Some common examples of normal wear and tear in a rental include:

  • Faded paint or wallpaper
  • Worn carpeting
  • Minor scuffs, scratches or nail holes in walls and woodwork
  • Stained sinks, tubs, and toilets from regular use
  • Appliances, fixtures, and furnishings that are worn from ordinary use but still functional

Normal wear and tear is distinctly different from negligent, irresponsible, or intentional damage caused by the tenant. Costs to repair or replace damaged items beyond normal wear and tear can be deducted from the security deposit. Examples of tenant-caused damages include:

  • Large holes in walls or doors
  • Broken appliances or fixtures
  • Stained or damaged carpeting beyond normal wear
  • Missing or broken window treatments
  • Clogged plumbing from misuse
  • Damage to floors beyond minor scratches

Distinguishing between normal property aging and excessive damage is important to avoid improper security deposit deductions. Tenants are not responsible for costs related to normal wear, while landlords can deduct legitimate repair and replacement costs for negligent damages beyond ordinary use.

Interest Payment on Security Deposits in Wisconsin

Wisconsin law requires landlords to pay interest on security deposits if certain conditions are met. If a landlord holds a security deposit for more than a year, they must pay the tenant 5% annual interest. This interest payment requirement applies to all standard security deposits. 

Interest begins accruing after the first year of tenancy. For example, if a tenant lives in a rental unit for 3 years and paid a $1000 security deposit, the landlord would owe $150 in interest when returning the deposit (5% of $1000 for each of the 2 years beyond the first year).

Some cities in Wisconsin specify a higher interest rate. For example, landlords in Madison are required to pay interest at a variable rate tied to the passbook savings rate set by the Federal Home Loan Bank of Chicago. Landlords should check local ordinances to determine if a higher city-mandated interest rate applies.

The interest owed on the security deposit belongs to the tenant. Landlords must return the interest payment along with the security deposit within 21 days after tenancy ends. Any deductions made from the original deposit do not reduce the interest payment owed to the tenant.

Disputes and Penalties for Improper Security Deposit Withholding 

If a landlord improperly withholds all or part of a security deposit in Wisconsin, tenants have several options for recourse:

Written Demand Letter

The first step is for the tenant to send a formal demand letter requesting return of the improperly withheld deposit. This letter should identify the specific deposit amount owed and cite the applicable Wisconsin statutes. The tenant should send this letter via certified mail with a return receipt and keep a copy.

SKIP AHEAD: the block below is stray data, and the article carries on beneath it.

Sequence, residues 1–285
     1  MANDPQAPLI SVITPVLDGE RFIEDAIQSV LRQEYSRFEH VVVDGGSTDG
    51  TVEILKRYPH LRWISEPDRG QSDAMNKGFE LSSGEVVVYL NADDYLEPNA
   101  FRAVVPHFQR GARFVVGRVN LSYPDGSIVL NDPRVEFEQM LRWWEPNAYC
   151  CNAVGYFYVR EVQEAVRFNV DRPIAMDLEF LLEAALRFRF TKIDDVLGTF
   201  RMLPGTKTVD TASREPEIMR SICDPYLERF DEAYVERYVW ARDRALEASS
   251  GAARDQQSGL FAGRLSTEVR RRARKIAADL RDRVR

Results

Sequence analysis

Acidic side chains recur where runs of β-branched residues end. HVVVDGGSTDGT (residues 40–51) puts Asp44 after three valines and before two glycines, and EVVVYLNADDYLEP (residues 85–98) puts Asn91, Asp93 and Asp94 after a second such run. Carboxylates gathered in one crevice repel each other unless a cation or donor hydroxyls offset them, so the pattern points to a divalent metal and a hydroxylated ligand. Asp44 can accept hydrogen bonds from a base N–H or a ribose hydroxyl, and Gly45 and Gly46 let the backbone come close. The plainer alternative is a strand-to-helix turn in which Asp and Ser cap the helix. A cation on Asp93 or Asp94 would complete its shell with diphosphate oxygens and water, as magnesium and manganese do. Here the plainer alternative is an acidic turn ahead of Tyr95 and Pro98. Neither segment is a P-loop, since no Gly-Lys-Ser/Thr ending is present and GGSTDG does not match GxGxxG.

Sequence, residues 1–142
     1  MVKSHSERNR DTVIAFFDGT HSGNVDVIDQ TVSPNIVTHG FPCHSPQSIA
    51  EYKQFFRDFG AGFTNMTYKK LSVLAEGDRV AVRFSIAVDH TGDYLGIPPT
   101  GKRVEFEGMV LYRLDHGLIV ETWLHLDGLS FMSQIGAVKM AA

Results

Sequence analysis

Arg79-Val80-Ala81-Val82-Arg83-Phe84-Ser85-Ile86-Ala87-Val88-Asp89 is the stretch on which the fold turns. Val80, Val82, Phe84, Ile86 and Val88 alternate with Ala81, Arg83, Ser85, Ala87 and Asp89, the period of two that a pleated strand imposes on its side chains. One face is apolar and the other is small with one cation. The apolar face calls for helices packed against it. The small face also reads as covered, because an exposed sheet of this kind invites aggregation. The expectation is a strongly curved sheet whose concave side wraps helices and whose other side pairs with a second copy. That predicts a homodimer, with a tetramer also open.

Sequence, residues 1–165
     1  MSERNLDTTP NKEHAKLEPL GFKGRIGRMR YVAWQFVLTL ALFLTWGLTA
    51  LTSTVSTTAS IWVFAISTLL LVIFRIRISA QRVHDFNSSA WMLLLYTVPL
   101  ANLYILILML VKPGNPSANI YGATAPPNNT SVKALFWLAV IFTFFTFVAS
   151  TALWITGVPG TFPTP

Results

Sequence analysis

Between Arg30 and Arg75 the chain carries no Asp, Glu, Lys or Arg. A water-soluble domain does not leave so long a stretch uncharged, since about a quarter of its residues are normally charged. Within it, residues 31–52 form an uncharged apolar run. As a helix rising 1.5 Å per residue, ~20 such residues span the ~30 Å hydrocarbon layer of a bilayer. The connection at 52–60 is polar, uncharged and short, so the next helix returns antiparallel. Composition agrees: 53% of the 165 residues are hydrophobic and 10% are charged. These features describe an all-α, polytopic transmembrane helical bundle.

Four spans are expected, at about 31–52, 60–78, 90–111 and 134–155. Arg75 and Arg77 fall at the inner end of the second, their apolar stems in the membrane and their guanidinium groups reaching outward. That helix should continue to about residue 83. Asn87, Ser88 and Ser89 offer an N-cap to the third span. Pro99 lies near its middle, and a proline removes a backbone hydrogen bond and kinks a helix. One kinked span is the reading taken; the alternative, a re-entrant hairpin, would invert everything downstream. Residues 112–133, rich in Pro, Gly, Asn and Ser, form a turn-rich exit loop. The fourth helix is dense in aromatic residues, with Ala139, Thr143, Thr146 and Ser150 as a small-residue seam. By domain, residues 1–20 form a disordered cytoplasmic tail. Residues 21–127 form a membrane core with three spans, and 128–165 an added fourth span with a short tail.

Small Claims Court

If the written demand is unsuccessful, the next step is typically for the tenant to file a case in Wisconsin small claims court. The jurisdictional limit is $10,000, which covers most security deposit disputes. Tenants can represent themselves without a lawyer in small claims court. Relevant evidence like the lease agreement, photos, and move-in/move-out checklist should be brought to the hearing.  

Consumer Protection Lawsuit

Tenants may also choose to file a lawsuit against the landlord under Wisconsin consumer protection laws if the withholding was intentional and improper. Tenants can potentially recover double the amount of the deposit plus attorneys fees if the court finds the landlord acted in bad faith.

Complaint to State Authorities

Tenants can file a complaint with Wisconsin's Consumer Protection agency or contact their local city or county for additional support. State authorities can investigate and take action against landlords with multiple violations.  

If a court finds the landlord improperly withheld a security deposit, the landlord may face the following penalties:

  • Repayment of the full deposit amount improperly withheld
  • Double or treble damages 
  • Payment of the tenant's court and attorneys fees
  • Fines to the state of $100-$1000 per violation
  • Loss of eligibility to take future security deposits

To avoid disputes, landlords should carefully document any damages or rent owed, communicate deductions, and promptly return the remaining deposit balance within 21 days as required by Wisconsin law. Maintaining open communication with tenants can prevent many security deposit problems.

Tips for Tenants to Get Full Deposit Return

When moving out, there are several steps tenants can take to maximize the return of their full security deposit:

Document the condition - Take dated photos and videos when first moving in and again when moving out to prove the condition of the unit. This protects against improper damage claims.

Conduct a walkthrough - Schedule a joint walkthrough with the landlord to identify needed cleaning or repairs. This allows time to address issues. Get any agreements in writing.

Clean thoroughly - Perform deep cleaning including all floors, walls, appliances, windows, cabinets, and fixtures. Landlords can deduct for cleaning. 

Make repairs - Fix any minor damage like holes in walls. Repaint if needed to restore original condition.

Return all keys - Ensure all keys, fobs and any parking passes are returned to the landlord when vacating. Failure to return can lead to deductions.

Provide new address - Supply the landlord with a forwarding address in writing via certified mail. This proves you provided it. 

Request inspection report - Ask the landlord to provide a copy of the move out inspection detailing any damages or cleaning charges.

Dispute improper charges - Review deductions carefully. Push back on any unreasonable or unfair withholding not permitted by law. 

Communicate expectations - Discuss move out and return of deposit with the landlord early. Set expectations to avoid misunderstandings.